background30) at which time all drug-containing vials were read that one doubling dilution) for ciprofloxacin, levofloxacin, azithro- same day and again the following day. Differences in GI between mycin, rifampicin, rifabutin and clofazimine. The MICs of azi- consecutive days (DGI) were calculated for each culture. The MIC was defined as the lowest concentration of drug showing both a DGI radiometric medium were .2-fold higher than the MICs deter- and absolute GI lower than those of the 1:100 growth control.31 mined in MGITTM ParaTB medium (data not shown). MICs ofazithromycin in MGITTM ParaTB medium ( pH 6.8) correlatedbetter with those in alkalized ( pH 7.3) BACTECTM 12B Susceptibility testing by the agar dilution method medium. Clarithromycin was tested at pH 6.8 in both broth Methods recommended by the CLSI (formerly the NCCLS) for media and showed 60% agreement at +1 log2 dilution and M. tuberculosis and slow-growing mycobacteria were used with 100% agreement at +2 log2 dilutions. However, for this drug, Table 2. Agreement in MIC determinations by MGIT in comparison with BACTEC and agar dilution methods for nine antimicrobialsagainst 10 MAP strains Percentage agreement in MIC determination between methods MGIT and agar dilution +2 log2 dilutions +2 log2 dilutions CIP, ciprofloxacin; LVX, levofloxacin; AZM, azithromycin; CLR, clarithromycin; AMK, amikacin; RIF, rifampicin; RFB, rifabutin; EMB, ethambutol;CLF, clofazimine; ND, not determined.
aMICs at pH 6.8 in MGITTM ParaTB medium and pH 7.3 in BACTECTM 12B medium.
bMICs at pH 6.8.
cMICs in the absence of egg yolk.
Krishnan et al.
there was better agreement between MGIT and agar dilution The MGIT and agar dilution methods showed significant MIC (70%, 90% and 100% at the same, +1 and +2 log2 dilutions, correlation for all drugs (64% – 93%), except ethambutol (52%).
respectively). MICs of ethambutol showed 70% and 100% MIC range, MIC50 and MIC90 values determined by the agreement between MGIT and BACTEC methods at +1 and +2 MGIT method were compared with those by the BACTEC and log2 dilutions, respectively. The MICs of ethambutol were agar dilution methods (Table 3). MIC ranges of ciprofloxacin, higher by the BACTEC method for most strains. Non-parametric levofloxacin, azithromycin, clarithromycin, rifabutin, clofazi- correlation analysis of MICs obtained by MGIT and BACTEC mine (by all three methods) and amikacin (tested by two methods showed significant correlation (P, 0.05) for all 10 methods only) were either the same or differed by only one dou- drugs compared (between 80% and 98% for 9 drugs and 73% bling dilution. The presence of egg yolk in broth caused for ethambutol).
.4-fold higher MICs of clofazimine and amikacin in broth Amikacin MICs determined in MGIT medium without egg methods compared with the agar method (data not shown). All yolk in comparison with those found by the agar dilution strains tested were resistant to isoniazid and dapsone at the method showed 60% agreement at +1 log2 dilution and 100% highest concentrations tested (higher than the respective Cmax agreement at +2 log2 dilutions; generally, slightly higher MICs values) by all three methods. The upper limits of the MIC range were obtained for most strains by the agar dilution method.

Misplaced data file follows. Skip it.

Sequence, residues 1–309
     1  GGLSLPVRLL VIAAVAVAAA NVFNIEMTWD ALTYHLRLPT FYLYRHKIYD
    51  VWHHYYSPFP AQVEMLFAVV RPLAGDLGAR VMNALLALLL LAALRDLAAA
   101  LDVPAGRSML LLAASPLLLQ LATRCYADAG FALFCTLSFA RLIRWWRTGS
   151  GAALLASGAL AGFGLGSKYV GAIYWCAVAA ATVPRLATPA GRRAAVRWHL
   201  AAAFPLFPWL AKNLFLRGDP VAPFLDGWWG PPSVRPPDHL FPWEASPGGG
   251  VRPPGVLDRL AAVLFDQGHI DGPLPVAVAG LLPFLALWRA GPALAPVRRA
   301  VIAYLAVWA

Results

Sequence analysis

of ethambutol and rifampicin were .2 log2 dilutions higher by MICs found by MGIT and agar dilution methods showed 90% – agar dilution. There was good agreement between methods with 100% agreement at +1 log2 dilution for ciprofloxacin, levofloxa- respect to MIC50 and MIC90 values (minimum concentration of cin, azithromycin, clarithromycin and clofazimine. MICs of a drug that inhibited at least 50% and 90%, respectively, of the rifampicin, ethambutol and rifabutin showed 80%, 90% and strains tested) for all drugs except ethambutol. The MIC90 of 100% agreement between the MGIT and agar dilution methods ethambutol was four times higher by the agar dilution as com- at +2 log2 dilutions. The agar dilution method yielded higher pared with the MGIT method. MGIT-derived MICs of all the MICs of ethambutol, compared with both broth culture methods.
drugs for M. avium strains 101 and 104 are shown in Table 4.
Table 3. Summary of MICs of 11 drugs for 10 MAP strains determined by three methods MIC50 and MIC90 by three methods CIP, ciprofloxacin; LVX, levofloxacin; AZM, azithromycin; CLR, clarithromycin; AMK, amikacin; RIF, rifampicin; RFB, rifabutin; EMB, ethambutol;CLF, clofazimine; DPS, dapsone; INH, isoniazid; ND, not determined.
aMICs at pH 6.8 in MGITTM ParaTB medium and pH 7.3 in BACTECTM 12B medium.
bMICs at pH 6.8.
cMICs in the absence of egg yolk.
Table 4. MICs of various drugs for M. avium strains 101 and 104, as determined by the MGIT method CIP, ciprofloxacin; LVX, levofloxacin; AZM, azithromycin; CLR, clarithromycin; AMK, amikacin; RIF, rifampicin; RFB, rifabutin; EMB, ethambutol;CLF, clofazimine; DPS, dapsone; INH, isoniazid.
Drug susceptibility testing of M. paratuberculosis Table 5. Tentative classificationa of MAP strains by the MGIT drug susceptibility method and comparison with that of the BACTEC andagar dilution methods MGIT and BACTEC methods MGIT and agar dilution methods both S both I both R S and I R and I S and R agreement (%) both S both I both R S and I R and I S and R agreement (%) S, susceptible; I, intermediate; R, resistant; AZM, azithromycin; CLR, clarithromycin; CIP, ciprofloxacin; AMK, amikacin; RIF, rifampicin; RFB, rifabutin;EMB, ethambutol; CLF, clofazimine.
aBased on interpretive criteria for MAC recommended by: bthe CLSI;29 and cHeifets.32 Currently there are no criteria for drug susceptibility MAP growth rate at the more alkaline pH. MIC determinations interpretation specific for MAP. However, for MAC organisms, for MAP by the agar dilution method required 4 – 5 weeks.